Thursday, May 11, 2006


Palestinian Prisoners Day

Palestinian Prisoners Day

Palestinian Prisoners day was marked on April 17th. It is an opportune moment to draw attention not only to the open air prisons created by the Occupation, through closures, the Wall and locked gates (restricting freedom of movement and land access), but also to the plight of Palestinian prisoners, held in Israeli interrogation and detention facilities.

Since the beginning of the Occupation in 1967 over 650,000 Palestinians have been detained by Israeli Authorities [1] which includes approximately 40% of the Palestinian male population [2], many of whom have been humiliated and subjected to ill treatment and torture. In January '06 there were 8,238 Palestinian prisoners, of which 794 were held in administrative detention without charge or trial [3].

Palestinian women are not immune from arrest. Currently, there are approximately 115 women imprisoned in Israel's prisons [4]. I recently interviewed Zahra, a well-known former prisoner, who spent 11 years in captivity. She is the mother of three children, and lives in Deir Ballut, a village here in the Salfeet district of the West Bank. In 1986 the army came to her house at midnight and blindfolded, handcuffed and arrested her in front of her children, aged 9, 5 and 2. Two months later her house was demolished by the Israeli army, an act of collective punishment violating international law (4 th Geneva Convention and Hague Regulation), which left her children homeless.

Zahra spoke of the atrocious interrogation procedure and the conditions in which she was kept. She made it clear that there was nothing unique in her experiences. Israeli authorities are committing grave human rights abuses on a daily basis, and are clearly violating international law, which prohibits the use of torture, inhuman and degrading treatment (4th Geneva Conventions, International Convention for Political and Civil Rights, Convention against Torture and Cruel and Inhuman Treatment). The practices Zahra described are well documented by a number of human rights organizations and reveal that torture is systematically practiced by the Israeli authorities [5]. Indeed more than 85% of Palestinian detainees are subjected to ill treatment and torture during interrogation. [6]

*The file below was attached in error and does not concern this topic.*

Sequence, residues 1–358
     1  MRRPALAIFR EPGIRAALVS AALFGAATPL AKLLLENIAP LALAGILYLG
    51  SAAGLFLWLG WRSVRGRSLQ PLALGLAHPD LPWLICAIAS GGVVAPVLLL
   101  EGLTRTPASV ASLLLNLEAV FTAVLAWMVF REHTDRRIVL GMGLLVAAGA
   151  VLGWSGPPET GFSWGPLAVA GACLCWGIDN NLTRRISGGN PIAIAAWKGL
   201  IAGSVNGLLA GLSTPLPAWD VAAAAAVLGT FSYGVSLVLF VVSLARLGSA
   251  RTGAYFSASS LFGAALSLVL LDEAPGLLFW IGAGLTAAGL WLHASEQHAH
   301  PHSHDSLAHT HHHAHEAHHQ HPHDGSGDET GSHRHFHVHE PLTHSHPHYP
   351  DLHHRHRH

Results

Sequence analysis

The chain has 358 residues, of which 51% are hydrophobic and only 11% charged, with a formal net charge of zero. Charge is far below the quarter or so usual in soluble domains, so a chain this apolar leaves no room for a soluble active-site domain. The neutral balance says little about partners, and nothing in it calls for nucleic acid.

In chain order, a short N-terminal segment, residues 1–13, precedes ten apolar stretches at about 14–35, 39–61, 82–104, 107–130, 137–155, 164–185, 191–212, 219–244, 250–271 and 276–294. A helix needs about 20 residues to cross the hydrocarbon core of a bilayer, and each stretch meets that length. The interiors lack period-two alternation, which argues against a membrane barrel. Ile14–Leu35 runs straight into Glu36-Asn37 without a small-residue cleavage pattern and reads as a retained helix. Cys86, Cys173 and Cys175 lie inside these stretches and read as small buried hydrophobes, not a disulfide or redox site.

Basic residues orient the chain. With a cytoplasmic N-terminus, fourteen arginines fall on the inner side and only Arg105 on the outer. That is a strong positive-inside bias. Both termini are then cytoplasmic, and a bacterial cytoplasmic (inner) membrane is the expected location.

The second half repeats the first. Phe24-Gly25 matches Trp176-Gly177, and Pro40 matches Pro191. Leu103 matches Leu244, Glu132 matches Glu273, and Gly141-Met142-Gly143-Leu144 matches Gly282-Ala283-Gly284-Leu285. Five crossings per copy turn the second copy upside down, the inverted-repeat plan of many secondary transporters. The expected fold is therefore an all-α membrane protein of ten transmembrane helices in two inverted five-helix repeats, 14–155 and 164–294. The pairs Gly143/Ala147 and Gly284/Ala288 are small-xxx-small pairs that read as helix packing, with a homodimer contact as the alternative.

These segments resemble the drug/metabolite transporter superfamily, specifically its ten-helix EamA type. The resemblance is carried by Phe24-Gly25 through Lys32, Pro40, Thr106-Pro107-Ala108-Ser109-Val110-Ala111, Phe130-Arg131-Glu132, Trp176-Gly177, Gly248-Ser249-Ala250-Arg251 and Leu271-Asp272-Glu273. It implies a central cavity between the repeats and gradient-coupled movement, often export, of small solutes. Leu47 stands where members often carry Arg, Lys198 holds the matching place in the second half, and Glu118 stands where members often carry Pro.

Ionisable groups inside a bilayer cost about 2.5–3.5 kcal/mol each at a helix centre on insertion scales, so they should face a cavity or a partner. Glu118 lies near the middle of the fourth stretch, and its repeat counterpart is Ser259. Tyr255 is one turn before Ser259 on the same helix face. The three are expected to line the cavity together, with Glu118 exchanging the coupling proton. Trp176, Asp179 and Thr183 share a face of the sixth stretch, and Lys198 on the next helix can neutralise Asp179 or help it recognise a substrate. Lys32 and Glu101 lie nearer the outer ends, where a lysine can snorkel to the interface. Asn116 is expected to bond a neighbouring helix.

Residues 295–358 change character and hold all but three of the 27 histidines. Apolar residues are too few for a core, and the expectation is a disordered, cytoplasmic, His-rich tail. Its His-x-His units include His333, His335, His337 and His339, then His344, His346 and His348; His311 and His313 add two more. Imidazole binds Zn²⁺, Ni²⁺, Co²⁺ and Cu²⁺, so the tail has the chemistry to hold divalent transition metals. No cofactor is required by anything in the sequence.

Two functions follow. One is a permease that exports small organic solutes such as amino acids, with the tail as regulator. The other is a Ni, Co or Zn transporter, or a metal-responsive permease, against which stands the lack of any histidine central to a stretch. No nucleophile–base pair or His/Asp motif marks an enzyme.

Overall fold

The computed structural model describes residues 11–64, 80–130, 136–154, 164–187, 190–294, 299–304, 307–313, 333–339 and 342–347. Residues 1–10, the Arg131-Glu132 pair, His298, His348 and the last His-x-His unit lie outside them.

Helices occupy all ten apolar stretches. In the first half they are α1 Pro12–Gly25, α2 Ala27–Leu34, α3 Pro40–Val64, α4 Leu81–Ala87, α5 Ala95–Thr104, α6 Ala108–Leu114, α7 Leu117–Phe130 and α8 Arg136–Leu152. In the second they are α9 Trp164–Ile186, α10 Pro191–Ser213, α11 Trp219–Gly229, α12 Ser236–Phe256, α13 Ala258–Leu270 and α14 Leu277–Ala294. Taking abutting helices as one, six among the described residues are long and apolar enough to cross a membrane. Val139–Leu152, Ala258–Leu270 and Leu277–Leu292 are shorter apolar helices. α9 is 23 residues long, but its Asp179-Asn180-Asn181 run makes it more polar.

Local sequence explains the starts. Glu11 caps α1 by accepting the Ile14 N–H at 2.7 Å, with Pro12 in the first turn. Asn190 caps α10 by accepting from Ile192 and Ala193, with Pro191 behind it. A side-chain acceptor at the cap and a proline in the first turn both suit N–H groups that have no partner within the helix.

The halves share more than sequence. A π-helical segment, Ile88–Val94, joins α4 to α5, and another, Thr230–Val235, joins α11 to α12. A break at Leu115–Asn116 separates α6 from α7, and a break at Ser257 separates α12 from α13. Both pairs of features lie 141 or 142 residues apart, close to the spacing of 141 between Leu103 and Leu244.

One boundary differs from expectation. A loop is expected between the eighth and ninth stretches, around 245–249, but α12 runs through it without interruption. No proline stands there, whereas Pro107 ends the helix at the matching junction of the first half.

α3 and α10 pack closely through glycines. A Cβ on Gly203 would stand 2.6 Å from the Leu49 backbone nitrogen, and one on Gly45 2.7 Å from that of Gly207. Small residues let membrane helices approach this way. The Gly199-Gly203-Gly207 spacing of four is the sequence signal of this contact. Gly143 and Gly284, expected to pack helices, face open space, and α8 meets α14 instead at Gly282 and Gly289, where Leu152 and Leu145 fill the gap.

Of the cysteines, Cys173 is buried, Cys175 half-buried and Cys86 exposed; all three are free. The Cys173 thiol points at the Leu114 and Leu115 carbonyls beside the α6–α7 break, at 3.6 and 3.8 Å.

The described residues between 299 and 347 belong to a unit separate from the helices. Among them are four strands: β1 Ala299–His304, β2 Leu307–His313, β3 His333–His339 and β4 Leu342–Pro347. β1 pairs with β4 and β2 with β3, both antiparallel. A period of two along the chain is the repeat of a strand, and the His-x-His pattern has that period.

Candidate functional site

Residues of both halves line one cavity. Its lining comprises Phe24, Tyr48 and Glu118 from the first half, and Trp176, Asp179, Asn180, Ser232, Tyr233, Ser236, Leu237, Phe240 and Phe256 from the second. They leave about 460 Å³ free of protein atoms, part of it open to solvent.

Zahra spent the first 31 days in isolation, without access to a lawyer, held in a small dark cell, with neither room to lie down or stand up. Rats and insects inhabited the cell. She was denied sanitary protection during her monthly period, and used a bucket in her cell as a toilet. Sometimes she was drenched with buckets of cold water thrown into the cell at her. At other times she was blasted with loud, distorted music. Detainees were subjected to very cold conditions inside a "refrigeration room".

Zahra was tortured physically and mentally, taken from her cell at random times of the day or night for interrogation, during which there was very rarely another woman present.
As well as being suspended from the ceiling, with handcuffs that cut into her skin, she was made to sit in uncomfortable positions for long periods with her hands and legs tied. At other times a foul smelling bag was placed over her head.

At least once she was taken to the interrogation room and made to wait the entire day, only to be taken back to her cell, clearly intended to create mental stress. On another occasion she was held in the interrogation room continuously for two days.

Threats of, as well as actual sexual violence, occurred. Zahra knew a 17 year old girl who was raped during interrogation. In the context of sexual violence being a real danger in interrogation, to be threatened with rape as a method of interrogation is mental torture. Threats were made to strip her, which holds even more significance and distress in Islamic/Muslim culture.

Zahra is clearly a strong, articulate woman. A darkness and subdued quietness descended when she spoke of the sexual violence, actual or threatened. A long silence followed. She had clearly touched on some dark, painful places and I felt deep compassion for her

Zahra spoke about women who were pregnant when they were arrested. Some miscarried. The remaining women were shackled during labour and had the humiliation of lack of privacy. Zahra shared a cell with a woman who named her daughter "Watan", meaning nation or home land.

She was transferred from the interrogation centre to Ramleh prison in Israel, where she was held with "criminal" not political prisoners, which resulted in added difficulties. From there, after a hunger strike, she was transferred to Hasharon prison, where she shared a 6 meter wide cell with five other Palestinian women. They were frequently denied hot water and received very inadequate food. On one occasion there were small pieces of glass in the food. She spoke of at least one occasion when tear gas was fired into the cell.